The Tragedy of Macbeth review: Shakespeare gets a stark, sumptuous update

·3 min read
Oscar Listicle
Oscar Listicle

A24 Denzel Washington and Frances McDormand in 'The Tragedy of Macbeth.'

All's fair (or foul) in screen adaptations of Shakespeare. When the words are canon for 500 years, where else could they have left to go? The Bard has been turned inside out — recast in the realm of samurais and Lion Kings, Bollywood musicals and American high schools — though he hasn't met a Coen brother, until now. Joel Coen's The Tragedy of Macbeth, which opened the New York Film Festival on Friday, isn't one of those radical reworkings on the face of it; his script stays almost entirely faithful to the original text. But he lavishes his version with extraordinary care and atmosphere: a stark, sumptuous retelling helmed by two titanic stars and shot in startling black and white.

As the man who would be king, Denzel Washington is, well, Denzel — a force of nature, his fierce command tinged increasingly with madness. Frances McDormand's Lady Macbeth is all calm surface and calculation, at least at first; if her husband falters in their plan to kill the sitting monarch (a gentle, quizzical Brendan Gleeson) and take his crown, she'll have enough nerve for the both of them. It's easy enough to slit King Duncan's throat and blame the guards, and even better when Duncan's sons (Harry Melling and Matt Helm) run off in a panic, leaving vapor trails of guilt. But the prophesies of the three witches — all played by British theater actress Kathryn Hunt with leering, uncanny glee — foretell more challenges to come, and the machinery of the Macbeths' undoing begins.

Familiar faces dot the screen: In The Heights' Corey Hawkins as the noble, outraged Macduff; Game of Thrones' mountainous Ralph Ineson as a stoic captain; veteran character actor Stephen Root as the sozzled Porter, injecting a few brief moments of levity. Many more, like Alex Hassell as the all-seeing go-between Ross, mostly have U.K. stage work on their resumés. They all speak in their own accents, though that's less disruptive than it could be; like the score and the film stock and the colorblind casting, it's all of a piece with Coen's creation and the consuming mood he sets.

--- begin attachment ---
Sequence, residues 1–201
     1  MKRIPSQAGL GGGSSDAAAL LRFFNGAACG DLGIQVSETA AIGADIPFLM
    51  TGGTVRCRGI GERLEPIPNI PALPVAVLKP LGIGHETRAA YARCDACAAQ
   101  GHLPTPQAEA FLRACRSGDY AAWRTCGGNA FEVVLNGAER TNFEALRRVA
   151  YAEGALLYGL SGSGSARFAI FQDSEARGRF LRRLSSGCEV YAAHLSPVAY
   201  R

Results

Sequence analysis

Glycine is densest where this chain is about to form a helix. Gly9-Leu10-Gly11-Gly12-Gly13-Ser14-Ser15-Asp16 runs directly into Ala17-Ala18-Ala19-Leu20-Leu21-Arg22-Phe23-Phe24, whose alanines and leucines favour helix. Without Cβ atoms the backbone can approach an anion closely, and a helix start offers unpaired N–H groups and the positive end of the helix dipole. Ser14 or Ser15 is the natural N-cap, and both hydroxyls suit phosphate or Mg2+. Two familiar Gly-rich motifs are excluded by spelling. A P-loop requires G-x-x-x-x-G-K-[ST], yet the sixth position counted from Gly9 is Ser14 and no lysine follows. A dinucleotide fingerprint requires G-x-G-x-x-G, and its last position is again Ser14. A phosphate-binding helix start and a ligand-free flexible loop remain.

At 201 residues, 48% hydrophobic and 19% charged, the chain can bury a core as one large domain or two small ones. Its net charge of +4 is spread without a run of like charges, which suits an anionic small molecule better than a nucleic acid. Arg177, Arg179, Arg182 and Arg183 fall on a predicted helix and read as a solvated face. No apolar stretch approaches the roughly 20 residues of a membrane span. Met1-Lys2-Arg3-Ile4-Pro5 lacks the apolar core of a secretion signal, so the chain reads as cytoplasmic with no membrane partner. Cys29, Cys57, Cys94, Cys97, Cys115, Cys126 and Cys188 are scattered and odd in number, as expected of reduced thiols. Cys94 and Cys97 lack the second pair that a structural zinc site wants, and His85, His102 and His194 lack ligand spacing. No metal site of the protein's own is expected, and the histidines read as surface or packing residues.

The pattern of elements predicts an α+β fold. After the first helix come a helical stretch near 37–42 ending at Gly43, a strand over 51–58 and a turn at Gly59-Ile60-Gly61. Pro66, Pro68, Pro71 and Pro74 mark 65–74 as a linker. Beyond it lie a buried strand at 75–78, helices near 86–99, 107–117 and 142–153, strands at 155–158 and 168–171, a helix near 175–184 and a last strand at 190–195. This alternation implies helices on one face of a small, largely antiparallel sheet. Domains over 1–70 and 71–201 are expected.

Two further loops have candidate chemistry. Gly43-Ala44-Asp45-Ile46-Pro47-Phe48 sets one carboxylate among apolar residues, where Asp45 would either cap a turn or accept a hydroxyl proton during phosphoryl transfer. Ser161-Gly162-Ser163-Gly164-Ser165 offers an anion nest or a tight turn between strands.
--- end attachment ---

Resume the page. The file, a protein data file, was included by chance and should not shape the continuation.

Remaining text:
It's impossible not to talk about the hand of his production designer in that, Stefan Dechant (Alice in Wonderland), who sets the idea of Sir William's traditional Scottish moors against a kind of surreal Calvinist dream world of screaming birds and sharp geometries — and of cinematographer Bruno Delbonnel (Darkest Hour, The Ballad of Buster Scruggs), who frames his shots like a modern-day Fritz Lang, composed for maximum disorienting impact and scale. The costumes too, by Mary Zophres, are fantastic: wools and grommets and leather stitched meticulously together in a mode maybe best described as Luxe Monastic.

Their clean lines suit the rich minimalism of the production and the muscularity of the prose — though Coen sometimes seems in a rush, strangely, to dispatch his storyline and get back to the business of all that style. His pace is so galloping that torrents of dialogue pass by, sweeping past central deaths and sudden plot turns with hardly a pause for breath. For all its physical beauty and austerity, that hurried, heightened reality makes it hard to forget that what you're watching is less a standalone movie than an exceptionally well-staged play put on screen. Still, there's real resonant power in all that sound and fury: a tragedy stripped back and reborn once again but the essential truth of it undiminished, half a millennium on. Grade: B+

The Tragedy of Macbeth opens in theaters on Dec. 25, and streams on AppleTV+ beginning Jan. 14.

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